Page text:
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Infobox on Potassium
Example of Potassium
Origin -
Stowage factor (in m3/t) 0,81 to 1,12 m3/t
Humidity / moisture -
Ventilation -
Risk factors See text



Potassium is the chemical element with the symbol K (from Neo-Latin kalium) and atomic number 19. Elemental potassium is a soft silvery-white alkali metal that oxidizes rapidly in air and is very reactive with water, generating sufficient heat to ignite the hydrogen emitted in the reaction.

Potassium and sodium are alkali metals and are chemically very similar. For this reason it took a long time before their salts were differentiated. They were suspected to be different elements within their salts after 1702, and this was proven in 1807 when potassium and sodium were individually isolated from different salts by electrolysis. Potassium in nature occurs only in ionic salts. As such, it is found dissolved in seawater (which is 0.04% potassium by weight), and as part of many minerals.

Most industrial chemical applications of potassium employ the relatively high solubility in water of potassium compounds, such as potassium soaps. Potassium metal has only a few special applications, being replaced in most chemical reactions with sodium metal.

Potassium ion is necessary for the function of all living cells. Potassium ion diffusion is a key mechanism in nerve transmission, and potassium depletion in animals, including humans, results in various cardiac dysfunctions. Potassium is found in especially high concentrations within plant cells, and in a mixed diet, it is mostly concentrated in fruits. The high concentration of potassium in plants, associated with comparatively low amounts of sodium there, historically resulted in potassium first being isolated from potash, the ashes of plants, giving the element its name. Heavy crop production rapidly depletes soils of potassium, and agricultural fertilizers consume 95% of global potassium chemical production.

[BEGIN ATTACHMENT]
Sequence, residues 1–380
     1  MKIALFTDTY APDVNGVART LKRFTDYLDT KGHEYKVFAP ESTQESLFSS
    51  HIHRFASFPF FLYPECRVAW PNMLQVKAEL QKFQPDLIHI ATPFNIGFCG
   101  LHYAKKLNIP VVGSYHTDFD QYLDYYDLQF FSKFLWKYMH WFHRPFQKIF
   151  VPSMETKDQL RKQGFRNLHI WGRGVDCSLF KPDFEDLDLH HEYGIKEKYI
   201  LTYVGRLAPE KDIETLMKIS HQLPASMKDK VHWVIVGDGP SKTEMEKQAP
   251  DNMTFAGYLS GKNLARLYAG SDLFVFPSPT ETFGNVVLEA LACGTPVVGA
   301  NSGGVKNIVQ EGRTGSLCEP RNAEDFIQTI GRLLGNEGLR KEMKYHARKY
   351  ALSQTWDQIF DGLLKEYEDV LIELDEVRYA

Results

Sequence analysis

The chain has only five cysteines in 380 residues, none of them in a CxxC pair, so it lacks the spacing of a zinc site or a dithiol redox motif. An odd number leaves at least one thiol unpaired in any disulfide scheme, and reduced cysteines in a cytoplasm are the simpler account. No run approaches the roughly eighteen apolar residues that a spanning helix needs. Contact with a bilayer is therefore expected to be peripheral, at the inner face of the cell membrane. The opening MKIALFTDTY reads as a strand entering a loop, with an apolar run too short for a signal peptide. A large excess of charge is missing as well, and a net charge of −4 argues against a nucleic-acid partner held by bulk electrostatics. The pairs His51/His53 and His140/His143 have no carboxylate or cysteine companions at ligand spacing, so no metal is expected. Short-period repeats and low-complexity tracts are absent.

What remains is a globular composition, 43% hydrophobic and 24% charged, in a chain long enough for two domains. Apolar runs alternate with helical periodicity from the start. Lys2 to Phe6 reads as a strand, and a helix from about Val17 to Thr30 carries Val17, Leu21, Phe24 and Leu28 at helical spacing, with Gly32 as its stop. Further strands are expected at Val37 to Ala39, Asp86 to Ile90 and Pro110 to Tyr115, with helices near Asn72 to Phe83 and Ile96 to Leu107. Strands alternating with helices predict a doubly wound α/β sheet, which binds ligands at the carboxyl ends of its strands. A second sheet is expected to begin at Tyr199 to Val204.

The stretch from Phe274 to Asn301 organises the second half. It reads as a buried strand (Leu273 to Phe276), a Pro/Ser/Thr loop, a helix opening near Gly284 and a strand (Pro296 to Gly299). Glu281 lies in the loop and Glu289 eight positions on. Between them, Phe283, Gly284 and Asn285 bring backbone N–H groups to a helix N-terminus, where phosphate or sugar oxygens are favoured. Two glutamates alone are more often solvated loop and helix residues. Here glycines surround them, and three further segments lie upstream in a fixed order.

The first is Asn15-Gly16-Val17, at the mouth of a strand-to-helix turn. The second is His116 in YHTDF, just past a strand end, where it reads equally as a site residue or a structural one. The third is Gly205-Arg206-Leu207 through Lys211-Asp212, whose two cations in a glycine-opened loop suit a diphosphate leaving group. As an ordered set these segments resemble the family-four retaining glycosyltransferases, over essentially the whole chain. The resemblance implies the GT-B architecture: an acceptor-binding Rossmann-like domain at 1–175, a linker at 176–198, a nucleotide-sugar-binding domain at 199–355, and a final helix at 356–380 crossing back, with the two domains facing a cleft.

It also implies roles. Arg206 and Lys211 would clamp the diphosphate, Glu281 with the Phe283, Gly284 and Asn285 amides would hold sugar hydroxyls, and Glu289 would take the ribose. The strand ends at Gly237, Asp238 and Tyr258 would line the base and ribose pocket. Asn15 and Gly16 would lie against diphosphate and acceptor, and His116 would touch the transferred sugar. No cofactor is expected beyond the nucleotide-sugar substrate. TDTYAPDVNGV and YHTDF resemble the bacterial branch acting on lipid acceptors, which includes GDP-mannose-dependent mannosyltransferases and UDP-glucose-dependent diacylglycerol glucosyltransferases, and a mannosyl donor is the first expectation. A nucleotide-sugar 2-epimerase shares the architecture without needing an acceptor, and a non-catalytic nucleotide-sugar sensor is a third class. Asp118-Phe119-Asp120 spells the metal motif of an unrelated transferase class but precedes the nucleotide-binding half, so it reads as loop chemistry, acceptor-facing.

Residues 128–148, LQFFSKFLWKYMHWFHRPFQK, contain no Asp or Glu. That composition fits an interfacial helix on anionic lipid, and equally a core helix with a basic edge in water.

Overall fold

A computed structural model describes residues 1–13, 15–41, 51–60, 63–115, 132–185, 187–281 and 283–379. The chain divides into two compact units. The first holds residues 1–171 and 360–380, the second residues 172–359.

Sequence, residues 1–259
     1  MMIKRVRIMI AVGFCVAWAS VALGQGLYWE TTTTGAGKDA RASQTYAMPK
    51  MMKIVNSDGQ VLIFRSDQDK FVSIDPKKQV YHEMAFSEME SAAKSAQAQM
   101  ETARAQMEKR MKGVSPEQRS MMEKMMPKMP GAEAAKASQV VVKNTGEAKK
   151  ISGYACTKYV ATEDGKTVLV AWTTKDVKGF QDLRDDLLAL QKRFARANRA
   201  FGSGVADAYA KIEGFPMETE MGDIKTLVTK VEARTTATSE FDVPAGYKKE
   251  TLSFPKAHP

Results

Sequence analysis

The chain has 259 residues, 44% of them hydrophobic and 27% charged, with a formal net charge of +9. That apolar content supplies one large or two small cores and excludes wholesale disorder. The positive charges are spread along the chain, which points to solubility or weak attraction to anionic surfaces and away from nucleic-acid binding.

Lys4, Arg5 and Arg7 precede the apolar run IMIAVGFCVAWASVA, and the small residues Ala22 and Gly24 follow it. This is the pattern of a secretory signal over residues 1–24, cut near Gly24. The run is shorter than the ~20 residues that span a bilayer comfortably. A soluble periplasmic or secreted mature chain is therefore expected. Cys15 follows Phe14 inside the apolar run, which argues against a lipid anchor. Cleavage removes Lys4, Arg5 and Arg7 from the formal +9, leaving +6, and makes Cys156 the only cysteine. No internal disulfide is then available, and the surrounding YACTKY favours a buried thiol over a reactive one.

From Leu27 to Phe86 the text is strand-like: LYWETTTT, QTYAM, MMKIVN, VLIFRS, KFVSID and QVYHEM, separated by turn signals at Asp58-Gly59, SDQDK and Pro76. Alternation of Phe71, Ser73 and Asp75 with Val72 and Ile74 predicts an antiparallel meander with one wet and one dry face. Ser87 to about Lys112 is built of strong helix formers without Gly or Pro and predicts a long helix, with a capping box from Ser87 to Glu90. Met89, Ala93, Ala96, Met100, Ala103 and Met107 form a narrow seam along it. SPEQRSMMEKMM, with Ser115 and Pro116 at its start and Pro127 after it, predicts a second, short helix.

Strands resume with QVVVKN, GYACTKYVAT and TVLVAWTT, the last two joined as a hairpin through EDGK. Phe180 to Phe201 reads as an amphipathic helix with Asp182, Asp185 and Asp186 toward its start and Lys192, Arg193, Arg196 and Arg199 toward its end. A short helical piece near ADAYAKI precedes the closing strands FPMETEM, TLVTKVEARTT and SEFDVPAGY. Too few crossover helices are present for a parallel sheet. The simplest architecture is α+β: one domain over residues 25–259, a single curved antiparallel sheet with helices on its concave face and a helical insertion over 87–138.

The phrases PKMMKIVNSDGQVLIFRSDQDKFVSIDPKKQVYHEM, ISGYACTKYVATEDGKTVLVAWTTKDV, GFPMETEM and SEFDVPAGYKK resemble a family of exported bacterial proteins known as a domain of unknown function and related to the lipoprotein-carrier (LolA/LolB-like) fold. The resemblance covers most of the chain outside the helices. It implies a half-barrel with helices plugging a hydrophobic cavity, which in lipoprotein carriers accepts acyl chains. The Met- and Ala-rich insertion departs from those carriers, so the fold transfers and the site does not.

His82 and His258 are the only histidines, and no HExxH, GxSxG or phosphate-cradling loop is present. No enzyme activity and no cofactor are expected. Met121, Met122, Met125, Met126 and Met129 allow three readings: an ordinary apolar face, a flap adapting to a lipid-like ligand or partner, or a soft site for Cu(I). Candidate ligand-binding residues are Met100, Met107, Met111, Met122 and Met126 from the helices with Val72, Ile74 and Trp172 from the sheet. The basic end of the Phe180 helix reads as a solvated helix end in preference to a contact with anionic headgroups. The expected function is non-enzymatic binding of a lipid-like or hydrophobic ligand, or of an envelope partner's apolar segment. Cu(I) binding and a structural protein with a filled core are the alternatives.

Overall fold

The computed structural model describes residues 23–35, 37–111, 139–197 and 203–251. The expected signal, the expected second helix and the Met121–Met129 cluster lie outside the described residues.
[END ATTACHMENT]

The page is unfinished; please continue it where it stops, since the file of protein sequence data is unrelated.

Potassium is an extremely active metal, which reacts violently with oxygen and water in air. With oxygen, it converts to potassium peroxide and with water Potassium Hydroxide. The reaction of potassium with water is dangerous because of its violent exothermic character and the production of hydrogen gas. Hydrogen reacts again with atmospheric oxygen, producing water, which reacts with the remaining potassium. This reaction requires only traces of water; because of this, potassium and its liquid alloy with sodium — NaK — are potent desiccants that can be used to dry solvents prior to distillation.

Because of the sensitivity of potassium to water and air, the reactions are possible only in inert atmosphere, such as argon gas using air-free techniques. Potassium does not react with most hydrocarbons, such as mineral oil or kerosene. It readily dissolves in liquid ammonia, up to 480 g per 1000 g of ammonia at 0 °C. Depending on the concentration, the ammonia solutions are blue to yellow, and their electrical conductivity is similar to that of liquid metals. In a pure solution, potassium slowly reacts with ammonia to form KNH2, but this reaction is accelerated by minute amounts of transition metal salts. It can reduce the salts to the metal; potassium is often used as the reductant in the preparation of finely divided metals from their salts by the Rieke method.


Use; preparation of potassium peroxide, heat exchange alloys; laboratory reagent, sending of combustion gases in magnetohydrodynamic generators, component of fertilizers (as potassium chloride).

Shipment / Storage / Risk factors

Hazard: Dangerous fire risk, reacts with moisture to form potassium hydroxide and hydrogen. The reaction evolves much heat, causing the potassium to melt and spatter. It also ignites the hydrogen. Burning potassium is difficult to extinguish; dry powdered soda ash or graphite or special mixture of dry chemicals are recommended. It can ignite spontaneously in moist air. Moderate explosion risk by chemical reaction. Potassium metal will form the peroxide and the superoxide at room temperature even when stored under mineral oil; may explode violently when handled or cut. Oxide-coated potassium should be destroyed by burning. Store in inert atmospheres, such as argon or nitrogen or under liquids which are oxygen-free, such as toluene or kerosene, or in glass capsules which have been filled under vacuum or inert atmosphere.

This cargo is hygroscopic and will cake if wet.

For overseas carriage consult the IMSBC Code (International Maritime Solid Bulk Code) as published by IMO (International Maritime Organization); the IMDG Code and applicable MSDFS sheet.